I think this is what happened! He could read quite well, but he'd picked up so much of that on his own because we didn't really want him to be bored in school. And yes, he didn't want the books that were considered appropriate for the grade level; eventually he was allowed to choose his own.

I think, in his case, it wasn't boredom -- well, no, let me take that back. It was boredom, but it was combined with his sense that the rules were entirely arbitrary, that they were being enforced from above with no sense and no consideration. That, on top of all the other new and difficult things, was probably just too much, and it's not something he could have easily explained. On the other hand, I admit that at the time, I wasn't doing a great job of explaining the necessity to either the librarian or my son either; I'd approach it entirely differently now.


Edited at 2010-11-02 02:20 am (UTC)
(Deleted comment)
newjerseybadger
Nov. 3rd, 2010 04:45 pm (UTC)
D'you really think you had to be a "little coloured girl" to earn her enmity on that? People like that, they don't take being set down by anyone but an authority figure -- you could have been any gender or skin color and (s)he'd have hated you after that.
msagara
Nov. 3rd, 2010 05:39 pm (UTC)
D'you really think you had to be a "little coloured girl" to earn her enmity on that? People like that, they don't take being set down by anyone but an authority figure -- you could have been any gender or skin color and (s)he'd have hated you after that.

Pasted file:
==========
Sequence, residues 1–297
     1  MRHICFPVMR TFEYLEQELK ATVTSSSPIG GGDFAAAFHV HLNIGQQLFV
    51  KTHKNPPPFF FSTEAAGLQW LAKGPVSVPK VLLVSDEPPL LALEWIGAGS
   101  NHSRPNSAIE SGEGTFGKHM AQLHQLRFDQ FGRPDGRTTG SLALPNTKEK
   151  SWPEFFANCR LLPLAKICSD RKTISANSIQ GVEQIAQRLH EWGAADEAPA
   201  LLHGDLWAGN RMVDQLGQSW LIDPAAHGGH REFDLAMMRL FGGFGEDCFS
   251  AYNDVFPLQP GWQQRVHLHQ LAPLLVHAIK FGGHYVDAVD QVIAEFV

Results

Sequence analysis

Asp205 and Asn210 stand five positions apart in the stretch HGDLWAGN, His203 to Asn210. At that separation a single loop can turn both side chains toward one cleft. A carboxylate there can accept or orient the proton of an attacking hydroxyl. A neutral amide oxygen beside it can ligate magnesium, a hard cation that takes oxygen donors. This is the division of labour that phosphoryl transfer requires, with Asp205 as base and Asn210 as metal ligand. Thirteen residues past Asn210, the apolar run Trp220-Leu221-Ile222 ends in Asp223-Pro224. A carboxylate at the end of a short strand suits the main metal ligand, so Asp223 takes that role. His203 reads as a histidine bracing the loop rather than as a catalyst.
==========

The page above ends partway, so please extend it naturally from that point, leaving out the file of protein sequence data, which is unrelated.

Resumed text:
I think, in this case, she was adding personal descriptors denoting her younger self, rather than making a broader statement. However...

In my experience, while your point is accurate -- authority figures of a certain type dislike to be humiliated in public by anyone -- there are definitely authority figures who would like it even less, imho, coming as it did. There's a hierarchy of humiliation. From above = bad, but unavoidable; from the sides = bad, and maybe you can get back at them; from below = bad and someone will or should suffer. But there are degrees of expected 'below', for which the anger would deepen.

So, the librarian would have hated it regardless, yes -- but coming from a little colored girl (self described), it would have been worse, imho.
newjerseybadger
Nov. 3rd, 2010 06:08 pm (UTC)
Okay. I know that kind of thing exists, in the abstract, but I don't really understand it. I'm caucasian/NorthEuropean/male, but was always outside the power structures growing up, so I don't understand the gradations.
twiegand
Nov. 2nd, 2010 03:57 am (UTC)
I remember reading basic zoology books in first grade. Why? Because snakes and frogs were fun. In kindergarten, I could read and write well enough that the teacher didn't know I was left-handed until the parent/teacher conference a month or more into the school year. As you know so well, my love of reading has not faded yet.

I want to thank you for sharing these thoughts and experiences and realize how personal they are.
artbeco
Nov. 2nd, 2010 06:21 am (UTC)
The library meltdown is rather familiar; we went through something like that with RIley in Kindergarten until the librarian realized what was going on and gently guided Riley along to more advanced books.